TL-191: Filling the Gaps

Discussion in 'Alternate History Books and Media' started by Craigo, Feb 12, 2010.

  1. Joshua Ben Ari Well-Known Member

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    It may also have been that Blackbeard relied on his image to terrify his enemies, rather than brute force, so Featherston might have wanted to imitate that since the CS was a lot smaller population-wise than the US. The image of Confederate soldiers breaking through and cutting Ohio in half was supposed to demoralize the United States.
     
  2. Alterwright "You were never even a player."

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    Well, at least the operation to capture Pittsburgh was a little more creative - Operation Coalscuttle. And as that operation was basically a parallel to Case Blue and the Battle of Stalingrad, I suppose it evens out.
     
  3. Alterwright "You were never even a player."

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    Come to think of it when ever I think of Irving Morrell's Operation Rosebud, I always think of the movie Citizen Kane and the cryptic last word of a dying media moghul.
     
  4. Letterman Man of Letters (BS in Geology)

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    Morrell evens says that the Confederates are in for some "tough sledding" at one point as Operation Rosebud is about to commence.
     
  5. Alterwright "You were never even a player."

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    Oh my god. You're not joking, are you? Well, I guess its canon that Citizen Kane is in this timeline now.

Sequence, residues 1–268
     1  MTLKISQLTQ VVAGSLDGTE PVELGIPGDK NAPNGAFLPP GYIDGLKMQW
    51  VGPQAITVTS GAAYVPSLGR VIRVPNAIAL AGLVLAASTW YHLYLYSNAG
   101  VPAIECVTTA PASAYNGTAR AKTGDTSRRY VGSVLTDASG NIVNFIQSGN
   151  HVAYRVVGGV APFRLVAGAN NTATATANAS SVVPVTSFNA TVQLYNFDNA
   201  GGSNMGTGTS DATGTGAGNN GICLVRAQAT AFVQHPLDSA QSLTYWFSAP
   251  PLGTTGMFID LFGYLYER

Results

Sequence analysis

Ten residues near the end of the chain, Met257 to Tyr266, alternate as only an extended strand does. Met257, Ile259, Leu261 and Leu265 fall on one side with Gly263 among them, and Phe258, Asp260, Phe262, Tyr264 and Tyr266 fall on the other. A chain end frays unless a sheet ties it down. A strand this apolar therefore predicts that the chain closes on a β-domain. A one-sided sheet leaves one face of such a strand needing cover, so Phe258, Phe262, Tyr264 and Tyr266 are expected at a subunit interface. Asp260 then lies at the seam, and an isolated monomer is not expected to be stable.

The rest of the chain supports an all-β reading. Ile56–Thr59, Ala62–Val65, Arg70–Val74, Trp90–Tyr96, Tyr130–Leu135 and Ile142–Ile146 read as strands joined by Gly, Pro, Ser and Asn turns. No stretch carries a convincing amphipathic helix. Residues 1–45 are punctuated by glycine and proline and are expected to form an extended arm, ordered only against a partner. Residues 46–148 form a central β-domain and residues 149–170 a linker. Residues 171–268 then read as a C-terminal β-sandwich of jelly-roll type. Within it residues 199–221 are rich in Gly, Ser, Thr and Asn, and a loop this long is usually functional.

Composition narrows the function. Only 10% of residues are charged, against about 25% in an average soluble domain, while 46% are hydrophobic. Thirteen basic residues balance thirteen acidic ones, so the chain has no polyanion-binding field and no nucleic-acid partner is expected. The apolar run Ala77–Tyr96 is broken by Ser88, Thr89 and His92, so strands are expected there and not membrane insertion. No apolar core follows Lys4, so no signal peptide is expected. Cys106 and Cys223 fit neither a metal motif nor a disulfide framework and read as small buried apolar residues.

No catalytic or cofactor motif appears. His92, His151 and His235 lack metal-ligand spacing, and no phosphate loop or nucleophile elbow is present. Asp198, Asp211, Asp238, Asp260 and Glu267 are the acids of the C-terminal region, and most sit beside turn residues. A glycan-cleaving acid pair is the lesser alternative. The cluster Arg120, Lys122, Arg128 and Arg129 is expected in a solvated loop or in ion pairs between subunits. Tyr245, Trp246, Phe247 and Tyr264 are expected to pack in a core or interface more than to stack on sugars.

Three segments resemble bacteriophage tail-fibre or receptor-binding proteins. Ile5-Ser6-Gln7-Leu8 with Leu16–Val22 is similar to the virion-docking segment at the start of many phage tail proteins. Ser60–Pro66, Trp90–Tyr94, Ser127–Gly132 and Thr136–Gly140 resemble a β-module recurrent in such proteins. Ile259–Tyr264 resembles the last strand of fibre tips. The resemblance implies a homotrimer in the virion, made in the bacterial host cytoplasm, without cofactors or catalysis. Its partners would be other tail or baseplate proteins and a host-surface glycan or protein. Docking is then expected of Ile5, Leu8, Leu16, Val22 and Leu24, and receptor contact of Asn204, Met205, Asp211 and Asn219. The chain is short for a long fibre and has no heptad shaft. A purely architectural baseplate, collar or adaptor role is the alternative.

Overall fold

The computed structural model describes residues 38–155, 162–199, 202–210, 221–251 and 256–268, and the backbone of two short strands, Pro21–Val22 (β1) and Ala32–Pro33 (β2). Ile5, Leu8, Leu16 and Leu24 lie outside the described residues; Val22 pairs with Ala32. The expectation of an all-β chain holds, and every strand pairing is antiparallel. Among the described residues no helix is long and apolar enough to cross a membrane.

6. Tiro Well-Known Member

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    My guess is that Operation BLACKBEARD was given its name as a reference to the "Do or Die" nature of the Second Great War; I'd be surprised if Featherston didn't hear the tale of how Blackbeard died a death that would make Rasputin run screaming, then make old Ned Thatch his personal hero (such defiance in the face of certain death seems very Featherston).
     
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  7. Zoidberg12 Well-Known Member

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    I fixed both of these. I also had Thomas Jefferson on one of the Confederate Federal Reserve Bills.
     
    Last edited: Mar 13, 2019
  8. Allochronian Well-Known Member

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    Since we are talking about Operation Blackbeard, I would like to imagine an alternate version of the operation. This was initially started after I read a negative review of Turtledove's books on the series.